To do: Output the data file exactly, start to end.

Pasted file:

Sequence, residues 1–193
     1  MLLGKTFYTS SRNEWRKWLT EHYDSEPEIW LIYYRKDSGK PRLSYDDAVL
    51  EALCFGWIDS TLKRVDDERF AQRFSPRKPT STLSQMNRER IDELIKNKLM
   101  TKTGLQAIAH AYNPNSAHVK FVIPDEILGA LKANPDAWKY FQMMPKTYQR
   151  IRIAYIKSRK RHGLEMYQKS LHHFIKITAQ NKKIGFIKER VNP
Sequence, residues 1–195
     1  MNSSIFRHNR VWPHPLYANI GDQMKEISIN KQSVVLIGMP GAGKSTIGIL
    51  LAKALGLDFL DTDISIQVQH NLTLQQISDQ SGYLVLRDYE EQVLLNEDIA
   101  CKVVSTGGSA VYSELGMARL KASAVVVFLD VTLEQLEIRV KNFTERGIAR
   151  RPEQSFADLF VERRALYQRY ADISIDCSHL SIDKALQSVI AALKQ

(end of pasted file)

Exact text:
Sequence, residues 1–193
     1  MLLGKTFYTS SRNEWRKWLT EHYDSEPEIW LIYYRKDSGK PRLSYDDAVL
    51  EALCFGWIDS TLKRVDDERF AQRFSPRKPT STLSQMNRER IDELIKNKLM
   101  TKTGLQAIAH AYNPNSAHVK FVIPDEILGA LKANPDAWKY FQMMPKTYQR
   151  IRIAYIKSRK RHGLEMYQKS LHHFIKITAQ NKKIGFIKER VNP
Sequence, residues 1–195
     1  MNSSIFRHNR VWPHPLYANI GDQMKEISIN KQSVVLIGMP GAGKSTIGIL
    51  LAKALGLDFL DTDISIQVQH NLTLQQISDQ SGYLVLRDYE EQVLLNEDIA
   101  CKVVSTGGSA VYSELGMARL KASAVVVFLD VTLEQLEIRV KNFTERGIAR
   151  RPEQSFADLF VERRALYQRY ADISIDCSHL SIDKALQSVI AALKQ